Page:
When the money has gone
Per previous post, this is a photograph taken from inside the abandoned bank vault. When we first put flash lights inside the vault, all I noticed was some light debris and the blue blanket/bedding on the floor. I never noticed the burnt orange walls (that were literally burnt). It wasn’t until I reviewed in playback the three long exposures that I noticed the burn. At first, I didn’t think the photograph would be that interesting, but then again, what are the odds of orange walls with a blanket that would add a splash of blue?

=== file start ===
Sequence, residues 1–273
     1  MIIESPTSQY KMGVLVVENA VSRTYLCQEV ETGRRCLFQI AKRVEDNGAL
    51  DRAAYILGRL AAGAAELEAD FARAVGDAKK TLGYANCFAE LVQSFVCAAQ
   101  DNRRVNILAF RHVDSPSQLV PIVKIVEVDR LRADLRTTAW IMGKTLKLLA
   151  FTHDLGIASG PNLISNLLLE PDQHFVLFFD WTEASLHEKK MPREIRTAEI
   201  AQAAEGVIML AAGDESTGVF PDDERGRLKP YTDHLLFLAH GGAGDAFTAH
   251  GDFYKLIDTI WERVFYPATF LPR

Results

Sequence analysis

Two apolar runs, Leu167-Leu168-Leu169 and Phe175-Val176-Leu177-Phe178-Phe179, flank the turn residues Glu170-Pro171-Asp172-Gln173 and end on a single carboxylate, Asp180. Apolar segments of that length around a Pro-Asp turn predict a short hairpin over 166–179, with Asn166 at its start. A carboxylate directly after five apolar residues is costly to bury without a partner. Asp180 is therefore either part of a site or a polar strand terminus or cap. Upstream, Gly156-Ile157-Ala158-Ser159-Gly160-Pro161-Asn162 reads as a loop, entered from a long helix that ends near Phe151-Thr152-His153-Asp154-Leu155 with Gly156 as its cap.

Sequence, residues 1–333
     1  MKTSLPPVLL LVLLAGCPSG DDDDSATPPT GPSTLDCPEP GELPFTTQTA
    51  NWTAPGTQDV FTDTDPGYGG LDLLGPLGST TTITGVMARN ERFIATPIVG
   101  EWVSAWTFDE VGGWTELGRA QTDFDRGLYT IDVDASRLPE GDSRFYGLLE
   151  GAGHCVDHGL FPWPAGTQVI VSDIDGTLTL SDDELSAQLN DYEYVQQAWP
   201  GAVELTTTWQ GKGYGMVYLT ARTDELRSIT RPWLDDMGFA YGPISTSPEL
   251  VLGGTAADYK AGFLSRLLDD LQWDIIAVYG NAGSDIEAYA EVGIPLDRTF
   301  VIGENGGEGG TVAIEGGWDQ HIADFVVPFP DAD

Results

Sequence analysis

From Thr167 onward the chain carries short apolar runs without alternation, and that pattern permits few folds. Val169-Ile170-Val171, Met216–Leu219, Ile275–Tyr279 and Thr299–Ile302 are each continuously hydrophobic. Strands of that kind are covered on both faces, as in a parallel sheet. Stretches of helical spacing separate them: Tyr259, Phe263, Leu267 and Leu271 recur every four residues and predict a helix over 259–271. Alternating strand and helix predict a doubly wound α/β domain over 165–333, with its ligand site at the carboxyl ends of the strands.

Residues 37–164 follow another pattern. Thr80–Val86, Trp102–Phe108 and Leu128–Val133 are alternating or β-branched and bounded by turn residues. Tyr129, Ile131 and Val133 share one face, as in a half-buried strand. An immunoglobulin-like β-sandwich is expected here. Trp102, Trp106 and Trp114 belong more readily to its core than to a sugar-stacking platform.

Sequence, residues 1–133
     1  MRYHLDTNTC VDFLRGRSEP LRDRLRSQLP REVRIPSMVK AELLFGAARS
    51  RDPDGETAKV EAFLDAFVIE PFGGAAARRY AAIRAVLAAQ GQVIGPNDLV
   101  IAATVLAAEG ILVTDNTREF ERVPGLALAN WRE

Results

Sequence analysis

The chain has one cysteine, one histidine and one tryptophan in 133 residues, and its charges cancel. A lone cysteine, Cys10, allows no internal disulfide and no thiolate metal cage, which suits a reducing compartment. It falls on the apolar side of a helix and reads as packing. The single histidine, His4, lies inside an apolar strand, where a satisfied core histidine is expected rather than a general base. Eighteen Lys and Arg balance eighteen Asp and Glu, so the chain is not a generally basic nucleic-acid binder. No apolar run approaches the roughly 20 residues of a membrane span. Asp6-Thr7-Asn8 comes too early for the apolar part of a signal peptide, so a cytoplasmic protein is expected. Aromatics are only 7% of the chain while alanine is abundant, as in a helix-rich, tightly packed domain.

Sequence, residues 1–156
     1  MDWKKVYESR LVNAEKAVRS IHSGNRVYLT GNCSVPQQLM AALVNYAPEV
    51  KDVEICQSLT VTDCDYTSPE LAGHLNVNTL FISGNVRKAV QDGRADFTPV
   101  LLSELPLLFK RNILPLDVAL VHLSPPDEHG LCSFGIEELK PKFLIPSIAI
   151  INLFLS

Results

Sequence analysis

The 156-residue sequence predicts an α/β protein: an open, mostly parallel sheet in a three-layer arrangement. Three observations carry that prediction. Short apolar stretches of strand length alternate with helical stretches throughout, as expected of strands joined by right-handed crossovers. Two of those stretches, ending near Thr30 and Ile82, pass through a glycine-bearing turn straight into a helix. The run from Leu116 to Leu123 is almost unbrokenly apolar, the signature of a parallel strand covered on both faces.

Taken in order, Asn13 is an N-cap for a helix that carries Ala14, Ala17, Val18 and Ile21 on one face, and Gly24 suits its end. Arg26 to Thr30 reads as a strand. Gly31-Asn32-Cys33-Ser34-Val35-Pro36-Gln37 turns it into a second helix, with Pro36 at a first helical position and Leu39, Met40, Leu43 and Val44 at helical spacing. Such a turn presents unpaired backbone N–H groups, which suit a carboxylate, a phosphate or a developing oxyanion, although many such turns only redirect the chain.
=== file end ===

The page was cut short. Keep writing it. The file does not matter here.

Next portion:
I don’t consider myself an “urbexer,” the impassioned explorer/photographer who dresses in near military garb and whirls through urban decay every day. But I do like abandonment. I began photographing abandonment simply because there is so much of it in the area. I have found over time that there is always a spellbinding sense of history in these little nooks even when the places are mundane. Inside of an empty bank vault, it’s easy to imagine upon a time when the vault was full, and how many lives were influenced by what was in that vault. Inside the bank, great opportunities for some lives occurred, and for some, hopes were faded. Now, the money is gone and the door has been jack-hammered off and sold for scrap. And in a somewhat ironical manner, the money vault has been burned, and become a rest spot for itinerates who have the least.